China’s No.2 e-commerce company is courting more top-end fashion brands with the concept of a seamless crossover between online, offline and virtual shopping.’s president of international fashion Xia Ding describes the vison as “boundaryless retail”.

As the South China Morning Post reports, one of Ding’s responsibilities is to provide those luxury fashion brands that haven’t already opened an online boutique with compelling reasons to do so.

And she has a range of innovative tech to make her case.

Since joining last year, one of Xia Ding’s focuses has been to launch and develop Toplife, a channel aimed at showcasing high-end fashion brands. A wide range of brands have since signed up to the platform, and it now sells to 260 Chinese cities.

In the cutthroat world of e-commerce, however, innovation is all, both for brands and consumers.

As part of its first-year anniversary, Toplife partnered with Elle magazine to set up a pop-up store in a Shanghai shopping mall. The pop-up featured 38 brands, and as the SCMP reports, it was used as a way of attracting online luxury sellers like Secoo and Tmall’s Luxury Pavilion, to try out offline.

This is a first step, says Xia, towards a future of “boundaryless retail”, in which the lines between on and offline and virtual shopping are seamless.

A recent partnership with the Japanese beauty company SK-II in Shanghai illustrates how this can work. set up a month-long pop-up store and gave customers a digital bracelet that let them synchronise their in-store preferences with their online shopping trolley.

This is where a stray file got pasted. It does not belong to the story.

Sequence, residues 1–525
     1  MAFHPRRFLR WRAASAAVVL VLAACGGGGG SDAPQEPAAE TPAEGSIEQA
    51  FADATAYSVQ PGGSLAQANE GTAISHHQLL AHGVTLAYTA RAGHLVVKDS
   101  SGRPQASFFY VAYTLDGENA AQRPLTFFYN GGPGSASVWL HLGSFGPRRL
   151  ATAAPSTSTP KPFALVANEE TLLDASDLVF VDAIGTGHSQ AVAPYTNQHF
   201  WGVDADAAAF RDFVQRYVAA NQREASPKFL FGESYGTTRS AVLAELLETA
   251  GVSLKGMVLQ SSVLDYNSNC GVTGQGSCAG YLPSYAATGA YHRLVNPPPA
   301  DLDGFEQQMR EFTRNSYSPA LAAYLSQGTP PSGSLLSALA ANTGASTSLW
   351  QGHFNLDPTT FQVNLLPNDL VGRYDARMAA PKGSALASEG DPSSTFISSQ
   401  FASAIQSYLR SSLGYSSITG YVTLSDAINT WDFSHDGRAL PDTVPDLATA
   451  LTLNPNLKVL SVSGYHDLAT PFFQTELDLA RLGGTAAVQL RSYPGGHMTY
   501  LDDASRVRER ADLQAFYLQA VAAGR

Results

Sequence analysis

However, luxury brands still want to emphasise the tangible and the boutique experience, says Xia. Even so, “those who have worked with JD to test the benefits of adding e-commerce to the mix have seen great benefits,” she told the SCMP.

Part of the challenge for luxury brands globally is to differentiate themselves and to cater for the richer experience the luxury consumer expects and demands.

As The New York Times reports, luxury brands are focused more than ever on creating deeper personal relationships with consumers. And many have created jobs with titles like “chief consumer officer”, “chief experience officer”, and “chief digital” and “client officer” to do just that.

“My objective is not a sale but the story we are going to create with the customer,” Nicolas Sala, omni-channel and client experience director at the luxury French jewelry house Boucheron told The Times.

“We are not aiming for a one-shot sale but to make the customer feel that he or she is part of the maison,” he said.

He sees his mission as making “sure that the customer gets a personalized service both online and offline and that there is no point of friction between the two”.

Sourced from the South China Morning Post, New York Times; additional content by WARC staff